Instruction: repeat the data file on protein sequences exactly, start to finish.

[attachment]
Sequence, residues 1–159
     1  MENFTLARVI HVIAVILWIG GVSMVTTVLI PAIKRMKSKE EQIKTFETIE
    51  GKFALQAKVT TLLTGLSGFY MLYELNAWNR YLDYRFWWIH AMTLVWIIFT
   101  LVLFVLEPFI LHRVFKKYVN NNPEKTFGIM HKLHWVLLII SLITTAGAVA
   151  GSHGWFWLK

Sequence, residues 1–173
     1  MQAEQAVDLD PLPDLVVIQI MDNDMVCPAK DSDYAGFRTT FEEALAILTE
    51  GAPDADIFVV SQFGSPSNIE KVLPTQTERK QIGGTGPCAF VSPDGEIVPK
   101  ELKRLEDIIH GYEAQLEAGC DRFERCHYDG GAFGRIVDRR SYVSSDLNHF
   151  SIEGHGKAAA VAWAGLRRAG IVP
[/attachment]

Sequence, residues 1–159
     1  MENFTLARVI HVIAVILWIG GVSMVTTVLI PAIKRMKSKE EQIKTFETIE
    51  GKFALQAKVT TLLTGLSGFY MLYELNAWNR YLDYRFWWIH AMTLVWIIFT
   101  LVLFVLEPFI LHRVFKKYVN NNPEKTFGIM HKLHWVLLII SLITTAGAVA
   151  GSHGWFWLK

Sequence, residues 1–173
     1  MQAEQAVDLD PLPDLVVIQI MDNDMVCPAK DSDYAGFRTT FEEALAILTE
    51  GAPDADIFVV SQFGSPSNIE KVLPTQTERK QIGGTGPCAF VSPDGEIVPK
   101  ELKRLEDIIH GYEAQLEAGC DRFERCHYDG GAFGRIVDRR SYVSSDLNHF
   151  SIEGHGKAAA VAWAGLRRAG IVP